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Finding the Grey Space

Diet culture today has made a moral issue out of ‘clean eating’ and created a misleading perception for us that foods must be either ‘good’ or ‘bad’. This is called food shaming. It leads many towards restrictive eating patterns, rigid diet rules, and an avoidance of physical hunger to seek or maintain an ultra thin ideal

Working as a nutritionist for over a decade, I have witnessed and experienced how balance with food is NEVER healthfully sustained through restriction. Nor is it ever sustained through mindless overeating, ignoring your physical fullness, or sabotaging the nutritional quality and diversity of your diet

Restrictive and rigid eating can make you feel IN CONTROL and may even produce some results, for a period of time. In the long term, restrictive eating often ends with feelings of deprivation and repressed physical urges followed by binging episodes (often later at night when control starts waning). For others, they are actually too successful, creating physical malnutrition paired with a polarized, unbalanced relationship with food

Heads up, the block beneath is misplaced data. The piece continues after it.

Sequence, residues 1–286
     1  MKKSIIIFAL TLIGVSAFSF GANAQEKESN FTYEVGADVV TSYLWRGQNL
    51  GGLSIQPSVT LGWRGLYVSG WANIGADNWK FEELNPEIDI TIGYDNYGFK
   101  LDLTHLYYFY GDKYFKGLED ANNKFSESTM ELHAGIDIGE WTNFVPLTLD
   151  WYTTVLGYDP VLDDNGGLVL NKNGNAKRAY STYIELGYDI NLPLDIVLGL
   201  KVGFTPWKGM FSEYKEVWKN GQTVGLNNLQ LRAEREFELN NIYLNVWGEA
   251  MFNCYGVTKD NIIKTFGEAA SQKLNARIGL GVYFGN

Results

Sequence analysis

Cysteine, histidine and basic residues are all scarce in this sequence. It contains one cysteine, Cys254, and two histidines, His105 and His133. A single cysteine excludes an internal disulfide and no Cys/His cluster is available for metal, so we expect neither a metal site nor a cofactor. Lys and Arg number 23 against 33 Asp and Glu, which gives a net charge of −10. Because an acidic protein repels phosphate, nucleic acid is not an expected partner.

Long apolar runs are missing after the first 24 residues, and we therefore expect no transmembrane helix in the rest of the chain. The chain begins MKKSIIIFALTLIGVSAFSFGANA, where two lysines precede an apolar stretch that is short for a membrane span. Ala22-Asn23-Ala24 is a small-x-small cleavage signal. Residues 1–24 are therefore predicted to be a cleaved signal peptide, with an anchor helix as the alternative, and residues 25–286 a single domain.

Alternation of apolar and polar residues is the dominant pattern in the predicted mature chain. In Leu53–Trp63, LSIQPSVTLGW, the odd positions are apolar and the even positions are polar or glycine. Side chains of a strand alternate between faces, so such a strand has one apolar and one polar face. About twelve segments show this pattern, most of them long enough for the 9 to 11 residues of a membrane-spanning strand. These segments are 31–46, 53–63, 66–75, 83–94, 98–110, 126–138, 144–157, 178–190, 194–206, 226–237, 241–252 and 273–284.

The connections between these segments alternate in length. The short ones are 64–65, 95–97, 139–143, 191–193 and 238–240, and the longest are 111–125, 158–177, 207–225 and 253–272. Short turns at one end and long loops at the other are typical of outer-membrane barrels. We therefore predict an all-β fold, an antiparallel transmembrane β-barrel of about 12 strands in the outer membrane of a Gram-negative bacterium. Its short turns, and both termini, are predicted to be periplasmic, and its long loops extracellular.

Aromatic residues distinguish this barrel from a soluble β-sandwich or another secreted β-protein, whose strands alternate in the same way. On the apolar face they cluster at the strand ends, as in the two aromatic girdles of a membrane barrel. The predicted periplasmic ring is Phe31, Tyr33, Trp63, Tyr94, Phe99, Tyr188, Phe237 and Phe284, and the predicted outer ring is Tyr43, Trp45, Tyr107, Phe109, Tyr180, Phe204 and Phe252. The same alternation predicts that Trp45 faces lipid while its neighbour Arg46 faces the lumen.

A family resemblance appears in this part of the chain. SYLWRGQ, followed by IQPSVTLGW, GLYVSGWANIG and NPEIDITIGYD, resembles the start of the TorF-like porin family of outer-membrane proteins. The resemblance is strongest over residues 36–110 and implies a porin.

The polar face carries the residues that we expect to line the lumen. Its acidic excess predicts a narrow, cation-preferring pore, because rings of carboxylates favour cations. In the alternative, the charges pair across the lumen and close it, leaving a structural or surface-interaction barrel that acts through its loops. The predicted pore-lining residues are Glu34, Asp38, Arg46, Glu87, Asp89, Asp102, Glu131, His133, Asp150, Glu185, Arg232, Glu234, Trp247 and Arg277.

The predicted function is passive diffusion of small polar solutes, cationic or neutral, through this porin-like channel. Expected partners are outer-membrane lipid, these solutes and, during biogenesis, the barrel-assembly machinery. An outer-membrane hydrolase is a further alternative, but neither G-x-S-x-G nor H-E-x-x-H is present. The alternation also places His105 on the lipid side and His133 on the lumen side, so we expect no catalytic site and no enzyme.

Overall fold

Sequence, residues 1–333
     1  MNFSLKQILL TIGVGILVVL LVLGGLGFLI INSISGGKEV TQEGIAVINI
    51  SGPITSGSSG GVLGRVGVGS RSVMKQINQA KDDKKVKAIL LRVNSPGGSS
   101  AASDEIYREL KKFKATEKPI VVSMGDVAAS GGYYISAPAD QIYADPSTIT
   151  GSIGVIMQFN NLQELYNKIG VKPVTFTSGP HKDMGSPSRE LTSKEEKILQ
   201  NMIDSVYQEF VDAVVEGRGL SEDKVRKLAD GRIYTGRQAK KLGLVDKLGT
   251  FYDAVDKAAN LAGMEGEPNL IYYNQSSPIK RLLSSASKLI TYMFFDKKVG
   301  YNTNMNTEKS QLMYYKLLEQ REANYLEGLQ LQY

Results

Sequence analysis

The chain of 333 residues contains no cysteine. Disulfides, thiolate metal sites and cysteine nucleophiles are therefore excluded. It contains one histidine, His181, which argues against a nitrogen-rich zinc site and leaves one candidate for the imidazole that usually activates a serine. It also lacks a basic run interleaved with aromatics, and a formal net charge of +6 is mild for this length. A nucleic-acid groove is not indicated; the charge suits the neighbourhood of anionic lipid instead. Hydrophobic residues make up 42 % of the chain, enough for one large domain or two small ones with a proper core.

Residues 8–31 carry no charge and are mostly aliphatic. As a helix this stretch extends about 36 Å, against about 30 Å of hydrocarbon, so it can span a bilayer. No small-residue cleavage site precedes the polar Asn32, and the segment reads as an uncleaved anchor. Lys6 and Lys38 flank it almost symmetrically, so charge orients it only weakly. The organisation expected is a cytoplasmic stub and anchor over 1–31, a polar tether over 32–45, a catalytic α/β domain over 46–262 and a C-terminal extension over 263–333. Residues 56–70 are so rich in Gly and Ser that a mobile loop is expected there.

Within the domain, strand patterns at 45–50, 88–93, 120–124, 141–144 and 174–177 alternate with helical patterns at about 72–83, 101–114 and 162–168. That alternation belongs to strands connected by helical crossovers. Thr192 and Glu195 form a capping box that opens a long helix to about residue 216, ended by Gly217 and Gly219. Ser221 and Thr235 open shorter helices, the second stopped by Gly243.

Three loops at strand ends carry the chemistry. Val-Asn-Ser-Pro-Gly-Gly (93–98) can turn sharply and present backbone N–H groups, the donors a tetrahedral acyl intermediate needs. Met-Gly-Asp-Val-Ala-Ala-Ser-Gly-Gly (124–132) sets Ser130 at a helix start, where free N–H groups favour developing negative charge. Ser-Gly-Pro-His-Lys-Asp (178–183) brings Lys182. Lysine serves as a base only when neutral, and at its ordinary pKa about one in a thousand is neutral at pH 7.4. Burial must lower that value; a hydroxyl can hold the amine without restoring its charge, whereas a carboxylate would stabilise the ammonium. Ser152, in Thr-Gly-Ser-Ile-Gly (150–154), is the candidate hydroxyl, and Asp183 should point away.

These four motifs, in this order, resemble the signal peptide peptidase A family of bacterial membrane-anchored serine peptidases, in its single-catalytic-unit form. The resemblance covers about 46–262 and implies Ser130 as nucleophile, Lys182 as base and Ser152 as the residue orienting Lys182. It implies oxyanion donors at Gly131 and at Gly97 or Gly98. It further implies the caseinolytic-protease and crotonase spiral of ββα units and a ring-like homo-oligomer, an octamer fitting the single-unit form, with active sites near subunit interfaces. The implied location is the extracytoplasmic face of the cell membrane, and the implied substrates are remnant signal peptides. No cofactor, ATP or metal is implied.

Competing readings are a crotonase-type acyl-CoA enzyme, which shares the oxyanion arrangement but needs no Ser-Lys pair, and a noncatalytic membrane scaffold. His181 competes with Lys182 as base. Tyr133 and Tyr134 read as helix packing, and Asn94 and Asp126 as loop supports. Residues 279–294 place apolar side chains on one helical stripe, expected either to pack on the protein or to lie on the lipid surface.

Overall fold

Just remember this: It is only the psychological part of you that wants to restrict or control. Your biological self appreciates the taste of food, can appropriately regulate its consumption, and only seeks to maintain its health

Balance comes when you mindfully choose foods which synergize with your body’s current needs. Using physical hunger to guide your eating decisions helps to reduce the urge to restrict for a sense of artificial control. Practicing self compassion allows you to meet yourself where you currently are without all the shame, judgement, and self loathing we put ourselves through. It also gets you closer to your goal over time with grace and ease.


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